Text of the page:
Recently, I was invited to speak to a group of high school students that are in The Future Teachers Club led by a wonderful model teacher. As I write this, I am still captivated by the idea that there are high school students who know they want to be the teachers of tomorrow. They are choosing to become woven into the fabric of the most gratifying profession I can think of. I can say with conviction, that when I was their age, I wasn’t sure what I wanted to be because I was still discovering who I was supposed to be. After sharing my own educational journey, I posed the following question to the future teachers who sat before me: When you think back to your fondest memories in school, what experiences do you remember the most? Some of the responses I heard from this group of aspiring teachers included sentiments such as:
I remember my teachers asking me how I was feeling today and really meant it. They made an effort to connect with me.
I remember my 5th-grade teacher going above and beyond to plan fun and exciting lessons for my class because she cared that we had fun while we learned.
My 6th-grade teacher was so funny, but she was also kind. I remember wondering about what Ms. Smith would say as I joyfully skipped to her class. On any given day I could count on her to make me laugh, a welcomed experience, especially on the days I felt stressed and needed it the most.
I can tell you what I didn’t hear these aspiring teachers say. I didn’t hear them recall any specific details of a particular lesson their teachers planned and executed. I didn’t hear about a particular standard that was being addressed or about a rubric that was used to help students work towards mastery of a particular skill. I didn’t hear about them feeling a sense of accomplishment for doing well on an assessment. Does that diminish the importance of those elements? Of course not. They are essential tools to guide students to reach their social, emotional, and intellectual potential. The theme that resonated most was that their teachers made intentional efforts to connect with the human beings they are and helped shape and influence who they want to be.
As I sat and intently listened to students share their fondest memories, I couldn’t help but think of the teachers and experiences in school that meant the most to me. When you take a journey back in time, can you still see and hear the people who believed in your gifts and unleashed the teacher and leader inside you? I can. My story starts at a young age. When I close my eyes, I can still see myself sitting at my desk in my 4th-grade classroom. I don’t remember other classrooms as vividly as I remember this one. I can clearly see my teacher, Mrs. Roth, greeting me at the door, wearing a genuine smile of hope, and offering sincere nods of encouragement. I can feel her positive spirit permeating through my malleable heart. When you are a young learner, you are more impressionable. So, when you are lucky enough to have teachers with high emotional intelligence, they can be more responsive and less reactive to your needs. There were times I could feel myself losing the confidence I needed when learning new things or doing hard things. Regardless of how I felt, Mrs. Roth showed me appreciation for the person I had the potential to become and the future teacher I didn’t know I was going to be. For example, I was a struggling reader, who lacked the stamina to persevere through a reading or writing task. When Mrs. Roth saw my head meeting my desk, I heard, “Lauren, you can do this. You’re a reader. Lauren, yes, you can do this. You’re a writer.” When I was charged with the privilege of reading aloud to younger students to instill a love of reading while improving my own reading abilities, I would hear, “Lauren, yes, you can do this. Those little ones look up to you. You’re a role model. You’re a teacher and a leader.”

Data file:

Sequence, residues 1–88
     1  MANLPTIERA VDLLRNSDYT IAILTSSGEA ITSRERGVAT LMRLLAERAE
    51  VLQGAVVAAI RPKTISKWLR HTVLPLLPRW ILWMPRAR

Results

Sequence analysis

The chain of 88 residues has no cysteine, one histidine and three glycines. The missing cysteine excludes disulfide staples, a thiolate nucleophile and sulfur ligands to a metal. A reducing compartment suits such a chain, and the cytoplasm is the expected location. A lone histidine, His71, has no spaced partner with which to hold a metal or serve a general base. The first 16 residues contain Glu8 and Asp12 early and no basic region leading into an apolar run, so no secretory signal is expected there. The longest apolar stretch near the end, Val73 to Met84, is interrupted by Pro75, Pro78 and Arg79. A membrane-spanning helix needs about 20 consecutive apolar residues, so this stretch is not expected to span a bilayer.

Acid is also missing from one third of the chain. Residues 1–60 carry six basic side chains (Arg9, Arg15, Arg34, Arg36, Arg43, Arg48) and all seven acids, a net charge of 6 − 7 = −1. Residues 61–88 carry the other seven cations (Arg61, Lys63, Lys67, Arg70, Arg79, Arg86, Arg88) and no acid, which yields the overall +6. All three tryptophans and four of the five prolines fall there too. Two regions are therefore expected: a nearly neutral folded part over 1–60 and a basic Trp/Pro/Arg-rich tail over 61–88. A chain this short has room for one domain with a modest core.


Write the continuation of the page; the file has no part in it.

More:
In her captivating blog post titled, Kind, Empathetic, Generous, my dear friend Meghan Lawson recounts an impactful encounter with a paraprofessional who exuded profound appreciation for her students. Meghan beautifully highlights the acts of kindness displayed, particularly towards those students in need of compassion. “I left with a mission to make school a place where we nurture kindness, empathy, and generosity. Our students and staff deserve it.” After reading this post I wondered about the profound influence that the observed individual might have had on her students, inspiring them to emulate such compassionate acts for others in the years to come.
So I ask, what intentional experiences are you fostering in your classrooms and schools to inspire your students to become the torchbearers of the next generation of teachers?
You are shaped by the mosaic of people you’ve learned from, each contributing their unique piece to the tapestry of your personal and professional growth. As you embark on your own journey towards inspiring others to become remarkable educators, it’s crucial to remember the profound influence you can have on your future students. The power lies not only in the knowledge you impart but also in the care, enthusiasm, and genuine connections you forge. The memories you create will become an indelible part of their educational experience, shaping their lives and helping them choose to want to be the teachers of tomorrow their future students need.
There are so many beautiful things about being an educator. Being an educator is not just something you do. It’s a calling, it’s a gift, it’s an opportunity to leave a legacy of kindness and love in the hearts and minds of those you serve. As an educator, you move through your career living in moments, snapshots in time that turn into stories. You navigate your own personal journey opening paths to self-discovery, learning, and growth that can ultimately bring well-deserved joy and happiness to your life’s work. Perhaps, at one time, your path in education led you to a crossroads and you chose to step into the direction of leadership. As you began walking a new path, you started leaning into the experiences you invited and those you couldn’t foresee, but would later become lessons you’ve learned. – Lauren